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1. b The sociological perspective is an approach to understanding human behavior by
    placing it within its broader social context. (4)
2 . d Sociologists consider occupation, income, education, gender, age, and race as
    dimensions of social location.(4)
3. d All three statements reflect ways in which the social sciences are like the natural
    sciences. Both attempt to study and understand their subjects objectively; both attempt
    to undercover the relationships that create order in their respective worlds through
    controlled observation; and both are divided into many specialized fields. (5-7)
4. c Generalization is one of the goals of scientific inquiry. It involves going beyond
    individual cases by making statements that apply to broader groups or situations. (7)
5. b The Industrial Revolution, imperialism, and the development of the scientific method
    all contributed to the development of sociology. The fourth influence was the political
    revolutions in America and France -- there was no political revolution in Britain at that
    time. (8-9)
6. d Positivism is the application of the scientific approach to the social world. (9)
7. d Of the four statements, the one that best reflects Herbert Spencer's views on charity
    is "The poor are the weakest members of society and if society intervenes to help
    them, it is interrupting the natural process of social evolution." While many
    contemporaries of Spencer's were appalled by his views, the wealthy industrialists found
    them attractive. (10)
8. b The proletariat is the large group of workers who are exploited by the small group of
    capitalists who own the means of production, according to Karl Marx. (11)
9. a Durkheim believed that social factors, patterns of behavior that characterize a social
    group, explain many types of behavior, including suicide rates. (12)
10. b In his research on suicide rates, Durkheim found that individuals' integration into
    their social groups influences the overall patterns of suicide between groups. He called
    this concept social integration. (12)
11. a In response to the development of the new, impersonal industrial society, Durkheim
    suggested that new social groups be created to stand between the state and the family.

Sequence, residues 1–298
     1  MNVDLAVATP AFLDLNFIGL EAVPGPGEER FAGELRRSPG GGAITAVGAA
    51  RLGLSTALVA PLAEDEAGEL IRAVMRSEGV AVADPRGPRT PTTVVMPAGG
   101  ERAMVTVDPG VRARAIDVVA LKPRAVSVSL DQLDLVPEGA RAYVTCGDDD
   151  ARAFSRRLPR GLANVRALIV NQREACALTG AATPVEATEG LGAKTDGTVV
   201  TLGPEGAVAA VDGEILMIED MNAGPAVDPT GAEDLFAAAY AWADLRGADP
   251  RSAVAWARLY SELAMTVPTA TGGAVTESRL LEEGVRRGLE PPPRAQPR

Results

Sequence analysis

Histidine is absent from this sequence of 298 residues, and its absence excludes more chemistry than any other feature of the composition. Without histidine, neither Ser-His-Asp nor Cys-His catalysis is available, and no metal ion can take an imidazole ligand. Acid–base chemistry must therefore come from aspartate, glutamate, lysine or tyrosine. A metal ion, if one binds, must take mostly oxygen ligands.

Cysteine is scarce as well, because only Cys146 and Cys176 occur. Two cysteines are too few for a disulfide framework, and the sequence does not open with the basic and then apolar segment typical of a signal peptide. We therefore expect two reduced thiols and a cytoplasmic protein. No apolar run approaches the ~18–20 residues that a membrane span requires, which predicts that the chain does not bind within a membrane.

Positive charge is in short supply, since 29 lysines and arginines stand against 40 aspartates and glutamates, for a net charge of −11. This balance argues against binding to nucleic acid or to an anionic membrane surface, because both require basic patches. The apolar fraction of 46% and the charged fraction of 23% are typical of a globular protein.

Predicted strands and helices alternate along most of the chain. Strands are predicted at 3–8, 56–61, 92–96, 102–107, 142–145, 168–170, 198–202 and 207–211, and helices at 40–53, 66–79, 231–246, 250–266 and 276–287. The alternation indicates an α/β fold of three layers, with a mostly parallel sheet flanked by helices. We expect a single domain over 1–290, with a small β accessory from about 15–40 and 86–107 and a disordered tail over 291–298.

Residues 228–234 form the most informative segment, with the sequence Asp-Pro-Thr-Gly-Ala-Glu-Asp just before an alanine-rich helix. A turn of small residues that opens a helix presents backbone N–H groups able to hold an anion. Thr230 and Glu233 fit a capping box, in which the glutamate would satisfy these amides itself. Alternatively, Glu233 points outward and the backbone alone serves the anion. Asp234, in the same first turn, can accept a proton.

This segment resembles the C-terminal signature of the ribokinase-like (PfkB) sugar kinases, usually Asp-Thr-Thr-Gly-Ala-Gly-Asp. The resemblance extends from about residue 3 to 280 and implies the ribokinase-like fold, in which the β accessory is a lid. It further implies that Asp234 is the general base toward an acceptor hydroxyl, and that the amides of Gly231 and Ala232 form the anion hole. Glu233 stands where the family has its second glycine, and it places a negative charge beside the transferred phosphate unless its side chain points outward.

He believed this would address the condition of anomie. (12)
12. c Max Weber's research on the rise of capitalism identified religious beliefs as the key.
13. d All are correct. Replication helps researchers overcome distortions that values can
    cause, results can be compared when a study is repeated, and replication involves the
    repetition of a study by other researchers. (14)
14. c Social facts and Verstehen go hand-in-hand. Social facts are patterns of behavior that
    characterize a social group. By applying Verstehen, your understanding of what it means
    to be human and to face various situations in life, you gain an understanding of people's
    behavior. (15)
15. b In the nineteenth century, it was unlikely that women would study sociology because
    gender roles were rigidly defined; women were supposed to devote themselves to the four
    K's -- Kirche, Kchen, Kinder, und Kleider (church, cooking, children, and clothes).
16. b The statement that, "Unlike the situation in Europe, many North American women
    found that there were few barriers and they were able to train in sociology and receive
    faculty appointments," is incorrect. In the early years of sociology, the situation of
    women in North America was similar to that of European women -- they were largely


      excluded and their work ignored. As a result, many turned to social activism, especially
      working with the poor and immigrant groups. Many male sociologists who worked as
      professors denied female sociologists the title of sociologist, preferring to call them
      social workers. (17)
17.   c W. E. B. Du Bois was an African-American sociologist who wrote extensively on race
      relations. In both his personal and professional life, he experienced prejudice and
      discrimination. His commitment to racial equality led him to establish the NAACP. (19-
18.   c Sociologists who conduct research for government commissions or agencies
      investigating social problems are practicing applied sociology. (21)
19.   b Symbolic interactionism is the theoretical perspective that views society as composed
      of symbols that people use to establish meaning, develop their views of the world, and
      communicate with one another. (23)
20.   c In explaining the high U.S. divorce rate, the symbolic interaction perspective would
      focus on explanations such as emotional satisfaction, the meaning of children, and the
      meaning of parenthood. (23-25)
21.   d According to Robert Merton, an unintended consequence that can hurt a system's
      equilibrium is a latent dysfunction. (26)
22.   d Industrialization and urbanization have undermined the traditional purposes of the
      family, according to theorists using functional analysis. (29)
23.   a Karl Marx first asserted that conflict is inherent in all relations that have authority.
24.   c Feminists often focus their research on the oppression of women by men. (29)
25.   b Conflict theorists might explain the high rate of divorce by looking at societies basic
      inequalities between males and females. (29)
26.   d Since each theoretical perspective provides a different, often sharply contrasting
      picture of our world, no theory or level of analysis encompasses all of reality. By putting
      the contributions of each perspective and level of analysis together, we gain a more
      comprehensive picture of social life. (30-31)
27.   c The first phase of sociology in the United States stretched from the founding of the
      first departments of sociology in the last decade of the nineteenth century into the
      1940s. This phase was characterized by an interest in using sociological knowledge t o
      improve social life and change society. (31)
28.   a The purpose of pure or basic sociological research is to make discoveries about life in